5 best practices for better HTML forms

5 best practices for better HTML forms

Forms are an essential part of any UI

It can be intimidating to work with HTML forms. They don't only use a few specialised HTML elements; they also blur the barrier between static material and user involvement. Forms can be complex and even irritating for users; they frequently interrupt a user's main focus and direction on a page: they want to buy that gift or try out your new web app, not give you their mailing address or create yet another password. These pointers will make form development and design easier for you as a developer or designer, as well as for your users.

1️⃣ Label fieldset With Legends

It's hard to justify using a fieldset without giving it a name. We may improve the code above by titling our fieldset with the legend element. The legend will arrange itself over the border of the fieldset element, which has a border by default.

    <legend>Billing Address</legend>
    <span>Address</span><input type="text" />
    <span>City</span><input type="text" />
    <span>Province</span><input type="text" />
    <span>Postal Code</span><input type="text" />

2️⃣ Use the label Element

While there's nothing wrong with using a span to mark the inputs, the label tag is a natural fit for them.

    <legend>Billing Affress</legend>
    <label>Address</label><input type="text" name="billAddress" />
    <label>City</label><input type="text" name="billCity" />
    <label>Province</label><input type="text" name="billProvince" />
    <label>Postal Code</label><input type="text" name="billPC" />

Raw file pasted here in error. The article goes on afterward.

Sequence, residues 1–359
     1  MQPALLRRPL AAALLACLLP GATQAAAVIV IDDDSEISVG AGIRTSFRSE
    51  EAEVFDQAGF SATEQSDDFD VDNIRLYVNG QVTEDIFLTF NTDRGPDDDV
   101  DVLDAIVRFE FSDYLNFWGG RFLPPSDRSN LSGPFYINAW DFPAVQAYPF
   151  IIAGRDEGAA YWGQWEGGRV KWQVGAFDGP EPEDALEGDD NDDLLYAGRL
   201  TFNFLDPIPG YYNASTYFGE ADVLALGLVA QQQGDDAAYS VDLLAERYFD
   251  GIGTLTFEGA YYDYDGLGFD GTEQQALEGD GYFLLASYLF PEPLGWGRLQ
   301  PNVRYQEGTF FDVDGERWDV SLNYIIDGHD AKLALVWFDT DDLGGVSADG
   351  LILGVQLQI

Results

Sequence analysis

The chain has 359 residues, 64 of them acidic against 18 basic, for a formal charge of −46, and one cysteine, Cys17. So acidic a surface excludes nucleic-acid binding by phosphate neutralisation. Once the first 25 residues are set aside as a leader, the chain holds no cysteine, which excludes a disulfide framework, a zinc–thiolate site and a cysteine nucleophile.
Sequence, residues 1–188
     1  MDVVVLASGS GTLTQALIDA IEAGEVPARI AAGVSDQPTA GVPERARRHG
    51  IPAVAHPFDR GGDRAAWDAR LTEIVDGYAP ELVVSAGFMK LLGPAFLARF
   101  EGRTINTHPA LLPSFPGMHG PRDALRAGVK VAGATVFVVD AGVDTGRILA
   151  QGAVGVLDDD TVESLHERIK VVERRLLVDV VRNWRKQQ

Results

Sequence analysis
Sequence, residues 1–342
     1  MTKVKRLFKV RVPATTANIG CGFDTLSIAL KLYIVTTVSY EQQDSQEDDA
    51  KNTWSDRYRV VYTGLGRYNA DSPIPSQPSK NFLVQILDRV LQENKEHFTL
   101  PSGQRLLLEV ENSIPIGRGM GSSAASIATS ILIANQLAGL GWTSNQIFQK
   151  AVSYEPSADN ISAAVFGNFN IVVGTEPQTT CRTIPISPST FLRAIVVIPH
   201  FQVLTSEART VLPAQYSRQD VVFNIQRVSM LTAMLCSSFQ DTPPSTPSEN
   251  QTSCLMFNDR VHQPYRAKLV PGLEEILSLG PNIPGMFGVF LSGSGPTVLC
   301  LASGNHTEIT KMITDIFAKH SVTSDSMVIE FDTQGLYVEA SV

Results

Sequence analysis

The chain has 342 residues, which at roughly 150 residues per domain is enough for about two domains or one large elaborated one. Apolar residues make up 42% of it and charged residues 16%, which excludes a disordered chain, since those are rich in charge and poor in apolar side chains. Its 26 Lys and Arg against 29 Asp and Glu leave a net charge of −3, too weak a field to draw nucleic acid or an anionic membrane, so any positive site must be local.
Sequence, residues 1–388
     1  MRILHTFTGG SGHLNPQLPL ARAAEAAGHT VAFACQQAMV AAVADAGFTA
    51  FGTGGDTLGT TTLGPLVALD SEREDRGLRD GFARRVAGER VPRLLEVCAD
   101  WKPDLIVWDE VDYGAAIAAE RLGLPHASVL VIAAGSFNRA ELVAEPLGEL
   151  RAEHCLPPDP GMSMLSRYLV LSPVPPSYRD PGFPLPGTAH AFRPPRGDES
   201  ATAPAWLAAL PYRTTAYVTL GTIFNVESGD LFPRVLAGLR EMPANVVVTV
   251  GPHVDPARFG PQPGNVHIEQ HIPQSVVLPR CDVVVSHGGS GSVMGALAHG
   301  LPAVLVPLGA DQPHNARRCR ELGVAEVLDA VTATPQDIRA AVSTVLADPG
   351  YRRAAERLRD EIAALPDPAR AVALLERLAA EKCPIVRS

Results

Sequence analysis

3️⃣ Name Your Inputs

Each input element must have a name if you wish to transfer form data to a script; if you're using PHP, these names will become the keys of a superglobal array, commonly $_POST or $_GET.

    <span>Billing Address</span><input type="text" name="billAddress" />
    <span>City</span><input type="text" name="billCity" />
    <span>Province</span><input type="text" name="billProvince" />
    <span>Postal Code</span><input type="text" name="billPC" />

4️⃣ Give Labels the for Attribute

The for attribute allows you to associate a label with an input. The id of the input you wish to tie it to should be the same as the value of for.

    <legend>Billing Affress</legend>
    <label for="billAddress">Address</label><input type="text" id="billAddress" name="billAddress" />
    <label for="billCity">City</label><input type="text" id="billCity" name="billCity" />
    <label for="billProvince">Province</label><input type="text" id="billProvince" name="billProvince" />
    <label for="billPC" >Postal Code</label><input type="text" id="billPC" name="billPC" />

5️⃣ Use optgroup to Categorize Options

The optgroup is a little-known element that will indent and title choices. It is important to note that the label attribute is essential.

<optgroup label="USA">
<optgroup label="Canada">
    <option>British Columbia</option>

Now that you know how to level up your forms, you might want a place to collect & store the data. Fret not, for I have the perfect tutorial to help you get started. Click here to read about how you can collect form data like a boss.

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